We're all now well accustomed to the fact that a given processor's top stable frequency is mostly determined by the limitations of that particular chip—also known as the silicon lottery—and the CPU cooler one straps on top. This latter point is most certainly true for overclocking Broadwell-E parts, especially the top-end 10-core part, where the cooler will have to dissipate an enormous amount of heat when we shoot for high frequencies. Where the motherboard comes in to play is mostly around how easy it makes the journey from stock frequencies to the blistering heights of overclocking success.
We tested the X99-A II's overclocking prowess using a Core i7-6950X CPU with Cooler Master Nepton's 240M strapped to it. The Nepton has a 240-mm radiator, and before it was superseded by the company's MasterLiquid Pro 240, it had a $110 asking price. This puts it right in the ballpark for coolers one might expect to see in a system built around the X99-A II. As I kicked off the overclocking testing, I wondered how our Nepton would fare in the face of such a beastly processor.
AI Suite got the first crack at boosting our clock speeds. We configured AI Tuner for encoding stability, told it to use AVX instructions during the stress test, and enabled the memory stress test option. After the obligatory warning message came up the system rebooted. We were off to the races.
The software started us out by testing our fastest core, labeled core 9 in AI Suite, at 4.2GHz and all other cores at 3.9GHz. After a single core test and then an all-core test, it proclaimed victory and increased clock speeds by 100MHz. This continued until we were testing core 9 at 4.6GHz and all others at 4.3GHz. Stress testing this configuration ultimately led to a blue screen.
After the reboot auto tuning completed, and we were sitting at a 45x Turbo multiplier for core 9 and 42x for all others, with the base clock left at its default 100MHz. Firing up our Prime95 stress test didn't fare so well, however—we saw thermal throttling rear its ugly head almost instantly. Clearly with all cores humming along at 4.2GHz under a core voltage of 1.369V, our Nepton just couldn't keep up.
Next up to the plate was the firmware's EZ Tuning Wizard. We told it that we primarily used the system for playing games and encoding media, and that we had a liquid cooler. A quick reboot later, and we were sitting at just under 3.9GHz with a 38x Turbo multiplier on all cores (save for core 9, which was set to 42x), for a net result of just under 4.3GHz. The base clock had been bumped to 102MHz, and the core voltage was set to 1.325V. This configuration proved stable in our Prime95 stress test, with no errors nor warnings during the run. CPU temperatures peaked at 91° C, though. Not high enough to induce any thermal throttling, but not exactly comfortable for the processor. A liquid cooler with a 280-mm radiator might be a better choice for this baddest Broadwell-E chip.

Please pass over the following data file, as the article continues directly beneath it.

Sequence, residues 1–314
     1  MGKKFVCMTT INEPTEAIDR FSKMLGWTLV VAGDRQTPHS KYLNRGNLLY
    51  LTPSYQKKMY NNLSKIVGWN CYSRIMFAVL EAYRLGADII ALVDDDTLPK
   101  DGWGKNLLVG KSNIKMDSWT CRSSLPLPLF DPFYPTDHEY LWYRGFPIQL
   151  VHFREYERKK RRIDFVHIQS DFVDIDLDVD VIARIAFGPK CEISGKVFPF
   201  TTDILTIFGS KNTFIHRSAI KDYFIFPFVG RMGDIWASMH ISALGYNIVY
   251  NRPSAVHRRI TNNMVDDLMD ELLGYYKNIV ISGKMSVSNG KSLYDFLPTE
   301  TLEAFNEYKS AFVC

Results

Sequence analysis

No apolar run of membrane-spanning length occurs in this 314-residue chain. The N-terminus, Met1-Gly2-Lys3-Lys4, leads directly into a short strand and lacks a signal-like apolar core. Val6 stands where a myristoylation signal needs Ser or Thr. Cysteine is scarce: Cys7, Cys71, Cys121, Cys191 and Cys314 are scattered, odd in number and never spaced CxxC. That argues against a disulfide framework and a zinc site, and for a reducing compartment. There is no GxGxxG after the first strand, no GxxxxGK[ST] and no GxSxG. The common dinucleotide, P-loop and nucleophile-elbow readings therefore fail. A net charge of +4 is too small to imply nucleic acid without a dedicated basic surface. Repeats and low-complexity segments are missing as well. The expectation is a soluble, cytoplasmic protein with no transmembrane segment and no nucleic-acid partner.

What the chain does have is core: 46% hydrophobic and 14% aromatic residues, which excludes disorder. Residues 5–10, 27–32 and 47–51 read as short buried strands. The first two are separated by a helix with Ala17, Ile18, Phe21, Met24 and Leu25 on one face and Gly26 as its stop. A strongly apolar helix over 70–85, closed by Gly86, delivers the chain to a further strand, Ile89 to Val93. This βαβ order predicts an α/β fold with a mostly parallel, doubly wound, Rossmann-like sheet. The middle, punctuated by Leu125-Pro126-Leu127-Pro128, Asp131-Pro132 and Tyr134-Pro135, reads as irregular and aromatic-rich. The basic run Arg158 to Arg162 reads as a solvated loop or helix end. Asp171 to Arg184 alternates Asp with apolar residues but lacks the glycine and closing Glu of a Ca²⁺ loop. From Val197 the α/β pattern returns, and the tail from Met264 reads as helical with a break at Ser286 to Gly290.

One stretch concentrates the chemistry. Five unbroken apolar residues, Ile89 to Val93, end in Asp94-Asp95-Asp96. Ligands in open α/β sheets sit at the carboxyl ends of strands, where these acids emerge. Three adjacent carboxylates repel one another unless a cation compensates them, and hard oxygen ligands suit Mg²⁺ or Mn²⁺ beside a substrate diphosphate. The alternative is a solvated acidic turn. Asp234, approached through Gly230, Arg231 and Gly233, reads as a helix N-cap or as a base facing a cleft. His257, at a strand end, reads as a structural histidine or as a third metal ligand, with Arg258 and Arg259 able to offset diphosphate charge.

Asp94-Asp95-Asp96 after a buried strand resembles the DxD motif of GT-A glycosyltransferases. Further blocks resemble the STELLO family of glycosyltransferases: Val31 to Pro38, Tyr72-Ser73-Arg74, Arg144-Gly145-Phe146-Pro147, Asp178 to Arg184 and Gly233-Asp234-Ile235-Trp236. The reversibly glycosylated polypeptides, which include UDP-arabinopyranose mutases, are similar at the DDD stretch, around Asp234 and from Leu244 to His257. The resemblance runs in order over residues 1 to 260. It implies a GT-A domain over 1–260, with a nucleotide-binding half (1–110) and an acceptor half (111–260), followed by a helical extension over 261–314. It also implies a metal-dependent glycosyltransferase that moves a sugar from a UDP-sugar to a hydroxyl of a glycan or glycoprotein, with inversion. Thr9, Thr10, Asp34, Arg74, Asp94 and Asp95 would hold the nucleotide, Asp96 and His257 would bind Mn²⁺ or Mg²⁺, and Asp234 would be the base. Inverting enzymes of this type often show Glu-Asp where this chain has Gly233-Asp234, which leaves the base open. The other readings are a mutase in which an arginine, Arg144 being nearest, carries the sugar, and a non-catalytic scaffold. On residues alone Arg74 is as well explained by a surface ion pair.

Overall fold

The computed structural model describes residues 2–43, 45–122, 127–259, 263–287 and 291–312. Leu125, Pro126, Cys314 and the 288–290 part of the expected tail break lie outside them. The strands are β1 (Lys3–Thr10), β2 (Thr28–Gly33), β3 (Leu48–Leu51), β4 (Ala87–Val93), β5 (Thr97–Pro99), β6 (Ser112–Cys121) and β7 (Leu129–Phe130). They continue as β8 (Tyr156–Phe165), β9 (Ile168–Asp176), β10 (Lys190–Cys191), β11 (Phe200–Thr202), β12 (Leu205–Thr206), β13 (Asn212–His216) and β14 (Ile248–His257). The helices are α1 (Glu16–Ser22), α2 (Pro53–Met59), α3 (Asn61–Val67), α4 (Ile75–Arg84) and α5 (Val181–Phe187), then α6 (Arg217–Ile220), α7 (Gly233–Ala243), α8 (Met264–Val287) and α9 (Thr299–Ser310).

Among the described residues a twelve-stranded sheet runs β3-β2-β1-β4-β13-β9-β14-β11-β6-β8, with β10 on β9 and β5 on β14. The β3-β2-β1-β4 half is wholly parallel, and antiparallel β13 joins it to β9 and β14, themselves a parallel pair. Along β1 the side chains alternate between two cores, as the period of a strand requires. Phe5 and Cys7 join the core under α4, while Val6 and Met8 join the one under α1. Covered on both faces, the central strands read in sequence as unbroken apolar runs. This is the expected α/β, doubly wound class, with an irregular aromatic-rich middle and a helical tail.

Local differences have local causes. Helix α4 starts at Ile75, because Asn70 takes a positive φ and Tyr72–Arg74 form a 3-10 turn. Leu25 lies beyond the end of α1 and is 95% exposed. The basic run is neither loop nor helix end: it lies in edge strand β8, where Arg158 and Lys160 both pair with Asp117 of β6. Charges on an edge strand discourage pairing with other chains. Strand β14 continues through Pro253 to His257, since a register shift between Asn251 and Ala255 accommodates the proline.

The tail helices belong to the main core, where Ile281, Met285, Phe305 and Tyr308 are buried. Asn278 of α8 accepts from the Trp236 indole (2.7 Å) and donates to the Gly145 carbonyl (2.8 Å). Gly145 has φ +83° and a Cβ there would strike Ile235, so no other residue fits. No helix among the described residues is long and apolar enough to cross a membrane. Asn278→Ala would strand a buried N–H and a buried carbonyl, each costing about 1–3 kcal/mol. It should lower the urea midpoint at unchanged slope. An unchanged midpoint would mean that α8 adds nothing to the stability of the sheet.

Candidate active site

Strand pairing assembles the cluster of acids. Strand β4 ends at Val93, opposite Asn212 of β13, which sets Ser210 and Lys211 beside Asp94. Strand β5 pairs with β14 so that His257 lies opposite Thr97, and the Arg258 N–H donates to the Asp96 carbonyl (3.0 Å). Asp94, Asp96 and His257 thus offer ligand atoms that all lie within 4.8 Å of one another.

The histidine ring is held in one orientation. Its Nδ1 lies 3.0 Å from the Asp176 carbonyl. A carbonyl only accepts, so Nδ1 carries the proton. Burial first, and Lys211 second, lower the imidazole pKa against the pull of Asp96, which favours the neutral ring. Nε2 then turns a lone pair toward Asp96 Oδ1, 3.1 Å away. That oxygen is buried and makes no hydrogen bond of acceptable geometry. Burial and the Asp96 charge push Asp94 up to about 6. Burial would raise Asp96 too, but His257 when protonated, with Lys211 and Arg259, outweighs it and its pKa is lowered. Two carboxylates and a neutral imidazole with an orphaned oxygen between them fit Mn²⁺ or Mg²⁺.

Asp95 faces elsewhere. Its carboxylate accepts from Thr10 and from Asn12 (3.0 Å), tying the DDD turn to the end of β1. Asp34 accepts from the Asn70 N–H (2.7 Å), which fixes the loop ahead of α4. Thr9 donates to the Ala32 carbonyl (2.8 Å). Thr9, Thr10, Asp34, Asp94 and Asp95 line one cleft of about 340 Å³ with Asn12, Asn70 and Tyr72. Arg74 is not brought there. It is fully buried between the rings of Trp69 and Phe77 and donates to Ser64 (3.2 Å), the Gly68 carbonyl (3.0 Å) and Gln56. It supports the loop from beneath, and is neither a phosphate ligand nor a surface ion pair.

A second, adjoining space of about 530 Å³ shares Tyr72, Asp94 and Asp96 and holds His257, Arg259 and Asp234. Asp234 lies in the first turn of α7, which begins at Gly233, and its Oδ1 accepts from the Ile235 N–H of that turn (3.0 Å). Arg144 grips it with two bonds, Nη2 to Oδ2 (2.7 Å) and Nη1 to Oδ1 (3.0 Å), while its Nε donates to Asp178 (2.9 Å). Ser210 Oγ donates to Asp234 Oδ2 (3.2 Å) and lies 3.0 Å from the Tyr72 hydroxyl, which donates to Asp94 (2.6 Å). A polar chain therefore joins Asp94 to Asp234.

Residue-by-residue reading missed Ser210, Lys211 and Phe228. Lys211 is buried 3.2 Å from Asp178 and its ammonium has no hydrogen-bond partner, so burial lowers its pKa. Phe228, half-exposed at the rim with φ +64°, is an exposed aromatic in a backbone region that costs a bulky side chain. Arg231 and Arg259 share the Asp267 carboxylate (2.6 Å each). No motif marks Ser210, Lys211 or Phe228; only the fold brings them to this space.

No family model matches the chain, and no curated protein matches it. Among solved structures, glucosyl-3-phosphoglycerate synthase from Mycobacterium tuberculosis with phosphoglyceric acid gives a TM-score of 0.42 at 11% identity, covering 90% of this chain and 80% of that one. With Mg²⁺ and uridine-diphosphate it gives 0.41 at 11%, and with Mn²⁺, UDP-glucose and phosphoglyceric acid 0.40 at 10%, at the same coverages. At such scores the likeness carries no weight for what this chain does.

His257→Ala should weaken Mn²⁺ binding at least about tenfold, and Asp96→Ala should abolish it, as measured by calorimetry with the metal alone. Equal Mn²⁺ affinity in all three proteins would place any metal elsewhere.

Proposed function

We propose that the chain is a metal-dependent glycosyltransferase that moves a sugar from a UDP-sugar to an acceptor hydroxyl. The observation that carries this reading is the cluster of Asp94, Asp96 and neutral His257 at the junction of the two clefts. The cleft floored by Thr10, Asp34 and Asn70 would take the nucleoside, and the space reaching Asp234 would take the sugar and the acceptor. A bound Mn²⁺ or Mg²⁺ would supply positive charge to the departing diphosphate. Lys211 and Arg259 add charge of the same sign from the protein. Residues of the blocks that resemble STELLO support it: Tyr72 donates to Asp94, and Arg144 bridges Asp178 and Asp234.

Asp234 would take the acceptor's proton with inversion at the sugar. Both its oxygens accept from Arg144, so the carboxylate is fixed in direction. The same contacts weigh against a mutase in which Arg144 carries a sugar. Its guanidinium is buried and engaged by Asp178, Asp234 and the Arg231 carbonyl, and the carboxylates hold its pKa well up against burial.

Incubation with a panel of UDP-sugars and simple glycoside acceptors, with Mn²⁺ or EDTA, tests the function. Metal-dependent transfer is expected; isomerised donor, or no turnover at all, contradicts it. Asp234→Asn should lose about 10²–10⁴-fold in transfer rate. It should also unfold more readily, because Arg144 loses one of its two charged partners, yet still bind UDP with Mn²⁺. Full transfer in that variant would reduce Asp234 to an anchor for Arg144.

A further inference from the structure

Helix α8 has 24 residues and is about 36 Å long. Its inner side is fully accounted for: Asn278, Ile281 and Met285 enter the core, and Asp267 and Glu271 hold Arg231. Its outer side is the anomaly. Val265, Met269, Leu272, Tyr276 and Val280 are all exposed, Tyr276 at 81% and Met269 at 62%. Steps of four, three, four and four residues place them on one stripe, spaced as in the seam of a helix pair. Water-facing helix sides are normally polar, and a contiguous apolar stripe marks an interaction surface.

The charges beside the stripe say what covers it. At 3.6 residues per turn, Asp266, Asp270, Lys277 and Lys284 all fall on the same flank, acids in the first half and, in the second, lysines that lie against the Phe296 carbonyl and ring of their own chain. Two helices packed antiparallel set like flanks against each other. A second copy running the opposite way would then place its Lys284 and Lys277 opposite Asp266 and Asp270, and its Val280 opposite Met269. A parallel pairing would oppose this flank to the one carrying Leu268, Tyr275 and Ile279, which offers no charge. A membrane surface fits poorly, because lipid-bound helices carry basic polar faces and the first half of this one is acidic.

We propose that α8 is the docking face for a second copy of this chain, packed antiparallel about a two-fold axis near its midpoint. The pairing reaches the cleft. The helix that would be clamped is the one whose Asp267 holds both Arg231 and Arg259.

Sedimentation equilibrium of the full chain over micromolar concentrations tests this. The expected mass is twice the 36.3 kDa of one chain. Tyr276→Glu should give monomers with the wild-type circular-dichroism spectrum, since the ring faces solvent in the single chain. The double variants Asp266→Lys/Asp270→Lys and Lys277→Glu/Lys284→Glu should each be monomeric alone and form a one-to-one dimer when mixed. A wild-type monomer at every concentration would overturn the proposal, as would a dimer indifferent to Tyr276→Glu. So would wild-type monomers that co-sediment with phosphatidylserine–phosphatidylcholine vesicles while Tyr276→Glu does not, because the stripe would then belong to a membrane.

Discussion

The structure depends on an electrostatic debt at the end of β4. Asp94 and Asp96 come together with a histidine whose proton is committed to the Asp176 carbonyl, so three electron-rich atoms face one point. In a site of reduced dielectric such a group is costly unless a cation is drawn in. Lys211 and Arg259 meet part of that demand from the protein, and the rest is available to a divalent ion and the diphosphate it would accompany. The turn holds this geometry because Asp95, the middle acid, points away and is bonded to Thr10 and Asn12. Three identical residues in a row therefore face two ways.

With all of the automatic overclocking options out of the way, it was time to see what some manual tweaking in the firmware could do. Using multiplier tweaking alone, with the voltages on their "auto" defaults, we made it all the way to a stable 3.9GHz. At this speed, the firmware supplied 1.235V to the CPU, and temperatures maxed out at 93° C under our Prime95 load.
Moving to 40x all-core multipliers wasn't successful. At this speed, the firmware supplied our processor with 1.27V, and within a few minutes of running Prime95 core temperatures were hitting 100°C and we were seeing thermal throttling. It was time to set voltages manually. Using an offset in the firmware, we were able to set a core voltage of 1.24V. This proved to be perfectly stable during our Prime95 stress test. Temperatures peaked at 96°C, and we saw no signs of thermal throttling.